Hope Masike ready to take on the world


Great potential is gazing through the face of Zimbabwe, a country that has produced a lot of regionally and internationally recognised musicians including the likes of Chiwoniso Maraire.

Nurtured and ready for the world is self-acclaimed mbira artist Hope Masike.

Her music has been occasionally likened to that of Chioniso and Hope in an interview with Newsday says she is ready to change the world through music.

Tinashe Sibanda (TS): What is your full name?

Hope Masike (HM): I am Rumbidzai Hope Masike and I use Hope because I just prefer that name.

TS: When did you discover your musical talent?

HM: From a very tender age I knew I was an artist but I wasn’t sure which would be my favourite between fine art and music.

TS: How would you describe your music genre?

HM: I can’t start categorising my music now, I’m only three years old in the industry and I’m still experimenting. So far I’ve worked with traditional African music and jazz.

TS: Some of your fans have compared you to Chiwoniso Maraire, how do you see that?

HM: I feel so honoured being compared to big names like Chiwoniso though our music is totally different she is an inspiration to me. It’s probably because we share certain things in common like dread locks, playing the mbira and the nose ring.

TS: Which places have you toured so far?

HM: I have been to Mozambique, South Africa, Netherlands and Norway but more of a cultural ambassador in groups for cultural exchange programmes.

TS: Tell me about your album Hope.

HM: It is my first and only album so far, it’s self titled. I wrote the songs after being inspired by various day to day situations.

TS: Tell me about your song Ndinewe. Was it a special dedication to anyone in particular?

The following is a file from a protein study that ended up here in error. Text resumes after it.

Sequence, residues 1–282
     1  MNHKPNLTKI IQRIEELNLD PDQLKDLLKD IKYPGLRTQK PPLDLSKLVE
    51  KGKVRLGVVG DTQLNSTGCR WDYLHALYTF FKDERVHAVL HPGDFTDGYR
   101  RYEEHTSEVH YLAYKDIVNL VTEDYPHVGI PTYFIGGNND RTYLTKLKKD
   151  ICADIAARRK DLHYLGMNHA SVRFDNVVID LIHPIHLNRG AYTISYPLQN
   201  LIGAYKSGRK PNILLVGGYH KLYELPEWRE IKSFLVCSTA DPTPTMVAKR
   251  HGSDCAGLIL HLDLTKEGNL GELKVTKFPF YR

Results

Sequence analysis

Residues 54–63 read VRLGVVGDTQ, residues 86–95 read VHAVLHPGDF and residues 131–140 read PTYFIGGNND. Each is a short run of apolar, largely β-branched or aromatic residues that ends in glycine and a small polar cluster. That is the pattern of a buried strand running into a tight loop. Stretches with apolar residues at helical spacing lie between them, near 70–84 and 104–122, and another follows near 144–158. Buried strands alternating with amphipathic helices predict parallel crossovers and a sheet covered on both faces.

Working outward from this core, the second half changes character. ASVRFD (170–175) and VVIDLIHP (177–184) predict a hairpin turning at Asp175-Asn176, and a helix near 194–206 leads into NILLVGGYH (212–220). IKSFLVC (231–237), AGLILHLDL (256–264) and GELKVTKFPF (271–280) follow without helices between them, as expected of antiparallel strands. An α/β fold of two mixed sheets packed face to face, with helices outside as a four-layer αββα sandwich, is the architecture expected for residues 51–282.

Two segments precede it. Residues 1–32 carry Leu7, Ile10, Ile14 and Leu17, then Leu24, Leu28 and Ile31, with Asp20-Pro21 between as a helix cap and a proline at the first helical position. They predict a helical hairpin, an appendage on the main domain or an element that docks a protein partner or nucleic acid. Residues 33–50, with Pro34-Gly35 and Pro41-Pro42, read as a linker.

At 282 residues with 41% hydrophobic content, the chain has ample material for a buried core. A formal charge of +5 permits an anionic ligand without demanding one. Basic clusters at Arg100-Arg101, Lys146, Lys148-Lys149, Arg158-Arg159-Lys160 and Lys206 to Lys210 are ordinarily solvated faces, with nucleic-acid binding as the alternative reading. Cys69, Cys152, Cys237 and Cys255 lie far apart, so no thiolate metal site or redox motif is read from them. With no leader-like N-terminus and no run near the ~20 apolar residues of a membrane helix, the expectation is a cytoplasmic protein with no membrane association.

HM: Actually it’s a dedication to God my creator who is with me in everything I do.

TS: Who is your role model?

HM: Salif Keita, I love his music and his history as a rejected albino but he stood against all odds.

TS: Do your family members support your career?

HM: My mom passed away but my dad is very supportive but he always says it is also wise to have other professional qualifications. We are seven girls and two boys and it is amazing how they have all strongly supported me.

TS: Do you have any professional qualifications?

HM: I studied Applied Art and Design then I went on to study fine art and now I am currently doing Ethnomusicology with the Zimbabwe College of Music. I am also doing a bachelor’s degree in jazz.

TS: What do you aim to achieve in the coming years?

HM: I want to be an icon for young Africans and play my role as a musician in poverty eradication in Africa. I want to stand up for the women and the disabled as well.

TS: Are you in a relationship?

HM: No, I’m very single and not searching for now.

TS: What challenges have you faced as a musician?

HM: My only challenge is that we do not have an arts industry yet in Zimbabwe; a society with competent support systems. The industry needs to be equipped with both professionals and amateurs.